Foreign Banks(36) . The groups were 1. The banks were grouped based on ownership structure.METHODOLOGY The study covers all scheduled commercial banks except the RRBs (Regional Rural Banks). SBI and Associates ( 8) 3. The period of the study was from 1992 – 2004. Nationalized Banks except SBI & Associates ( 19 ) 2. Private Banks( 30) 4.

This is necessary to deal with the problem of singularity – a situation that produces perfect correlation within sets and makes correlation between sets meaningless. . the assets were regrouped under six major heads and the liabilities were regrouped under four major heads as shown in table below.RECLASSIFICATION OF ASSETS & LIABILITIES The assets and liabilities of a Bank are divided into various sub heads. For the purpose of the study. The relevant data has been collected from the RBI website. This classification is guided by prior information on the liquidity-return profile of assets and the maturity-cost profile of liabilities. The reclassified assets and liabilities covered in the study exclude ‘other assets’ on the asset side and ‘other liabilities’ on the liabilities side.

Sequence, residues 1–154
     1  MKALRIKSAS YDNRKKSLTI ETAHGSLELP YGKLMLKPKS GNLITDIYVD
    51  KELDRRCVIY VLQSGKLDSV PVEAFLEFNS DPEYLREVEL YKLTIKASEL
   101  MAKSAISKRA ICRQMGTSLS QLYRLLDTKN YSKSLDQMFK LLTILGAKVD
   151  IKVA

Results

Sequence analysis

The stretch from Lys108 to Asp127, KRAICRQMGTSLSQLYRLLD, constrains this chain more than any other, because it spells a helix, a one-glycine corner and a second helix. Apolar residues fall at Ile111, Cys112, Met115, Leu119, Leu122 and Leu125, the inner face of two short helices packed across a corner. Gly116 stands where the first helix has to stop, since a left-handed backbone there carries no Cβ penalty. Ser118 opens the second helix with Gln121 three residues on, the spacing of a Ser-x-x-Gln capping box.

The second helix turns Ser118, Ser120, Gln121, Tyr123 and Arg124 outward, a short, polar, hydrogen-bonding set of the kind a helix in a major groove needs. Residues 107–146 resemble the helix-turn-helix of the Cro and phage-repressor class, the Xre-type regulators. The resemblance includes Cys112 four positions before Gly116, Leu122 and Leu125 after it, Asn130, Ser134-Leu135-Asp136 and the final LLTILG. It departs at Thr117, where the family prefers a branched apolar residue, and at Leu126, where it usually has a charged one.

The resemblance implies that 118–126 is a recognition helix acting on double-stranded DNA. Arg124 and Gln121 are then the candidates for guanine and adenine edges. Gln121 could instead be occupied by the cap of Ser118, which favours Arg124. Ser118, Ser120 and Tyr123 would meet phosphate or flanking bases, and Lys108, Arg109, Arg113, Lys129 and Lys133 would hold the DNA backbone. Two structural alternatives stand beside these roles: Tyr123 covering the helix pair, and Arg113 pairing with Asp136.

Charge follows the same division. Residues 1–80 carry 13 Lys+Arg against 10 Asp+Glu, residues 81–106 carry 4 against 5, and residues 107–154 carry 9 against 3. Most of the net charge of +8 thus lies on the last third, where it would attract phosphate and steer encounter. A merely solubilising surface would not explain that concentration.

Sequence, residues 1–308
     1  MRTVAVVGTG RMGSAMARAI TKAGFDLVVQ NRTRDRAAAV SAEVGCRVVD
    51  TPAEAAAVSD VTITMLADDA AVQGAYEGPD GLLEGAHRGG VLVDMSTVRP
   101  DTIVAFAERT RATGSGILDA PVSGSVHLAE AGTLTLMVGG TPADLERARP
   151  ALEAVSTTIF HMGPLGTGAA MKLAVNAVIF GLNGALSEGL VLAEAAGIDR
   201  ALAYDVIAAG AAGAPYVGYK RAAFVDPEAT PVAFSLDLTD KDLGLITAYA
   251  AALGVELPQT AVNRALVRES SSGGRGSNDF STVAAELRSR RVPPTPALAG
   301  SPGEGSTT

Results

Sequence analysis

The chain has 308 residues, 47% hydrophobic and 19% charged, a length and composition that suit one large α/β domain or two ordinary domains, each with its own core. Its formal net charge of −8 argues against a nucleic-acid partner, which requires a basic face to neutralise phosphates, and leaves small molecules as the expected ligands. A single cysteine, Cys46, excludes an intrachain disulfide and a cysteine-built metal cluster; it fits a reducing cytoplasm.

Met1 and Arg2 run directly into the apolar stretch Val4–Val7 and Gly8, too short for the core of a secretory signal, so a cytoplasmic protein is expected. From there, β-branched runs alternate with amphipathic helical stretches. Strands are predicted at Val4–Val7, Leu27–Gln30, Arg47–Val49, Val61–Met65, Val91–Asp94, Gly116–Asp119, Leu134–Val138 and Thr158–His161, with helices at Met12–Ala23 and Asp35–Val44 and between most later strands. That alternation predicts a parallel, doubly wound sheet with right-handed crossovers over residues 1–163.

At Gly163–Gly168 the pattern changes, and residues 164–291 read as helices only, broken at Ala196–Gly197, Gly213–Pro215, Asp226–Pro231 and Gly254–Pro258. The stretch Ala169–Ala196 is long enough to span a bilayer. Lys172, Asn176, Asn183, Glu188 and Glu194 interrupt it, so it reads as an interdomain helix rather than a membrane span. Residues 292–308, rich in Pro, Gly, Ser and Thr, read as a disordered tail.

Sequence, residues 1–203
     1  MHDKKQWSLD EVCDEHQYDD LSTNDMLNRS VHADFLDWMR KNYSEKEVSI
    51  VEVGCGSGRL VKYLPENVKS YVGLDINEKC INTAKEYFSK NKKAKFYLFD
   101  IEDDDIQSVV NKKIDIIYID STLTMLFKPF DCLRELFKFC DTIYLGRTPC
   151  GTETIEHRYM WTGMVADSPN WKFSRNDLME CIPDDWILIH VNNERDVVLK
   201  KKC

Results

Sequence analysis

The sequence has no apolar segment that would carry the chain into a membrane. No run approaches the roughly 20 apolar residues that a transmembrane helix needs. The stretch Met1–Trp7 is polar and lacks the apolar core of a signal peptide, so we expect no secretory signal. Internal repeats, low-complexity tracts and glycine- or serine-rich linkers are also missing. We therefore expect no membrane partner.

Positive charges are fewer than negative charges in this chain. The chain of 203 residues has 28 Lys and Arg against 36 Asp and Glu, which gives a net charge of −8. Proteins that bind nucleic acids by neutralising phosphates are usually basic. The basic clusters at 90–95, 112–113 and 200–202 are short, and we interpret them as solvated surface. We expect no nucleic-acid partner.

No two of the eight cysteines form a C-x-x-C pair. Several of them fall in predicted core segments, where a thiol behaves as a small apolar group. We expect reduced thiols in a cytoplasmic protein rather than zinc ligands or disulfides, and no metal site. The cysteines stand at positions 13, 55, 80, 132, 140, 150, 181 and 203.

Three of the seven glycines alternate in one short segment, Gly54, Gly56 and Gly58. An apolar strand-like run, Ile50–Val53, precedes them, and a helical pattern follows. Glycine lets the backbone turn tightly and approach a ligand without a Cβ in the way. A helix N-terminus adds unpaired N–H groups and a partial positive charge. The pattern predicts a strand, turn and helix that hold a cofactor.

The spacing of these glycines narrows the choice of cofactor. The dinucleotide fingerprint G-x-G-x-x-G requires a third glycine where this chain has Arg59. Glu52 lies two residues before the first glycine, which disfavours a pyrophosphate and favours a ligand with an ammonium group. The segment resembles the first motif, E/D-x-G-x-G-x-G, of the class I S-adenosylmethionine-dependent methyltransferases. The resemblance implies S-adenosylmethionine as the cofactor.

Unfortunately. all of these correlations assess the same .CANONICAL CORRELATION ANALYSIS Multivariate statistical technique. we could merely compute the correlation between each set of assets and each set of liabilities. canonical correlation has been used to access the nature and strength of relationship between the assets and liabilities. To explore the relationship between assets and liabilities.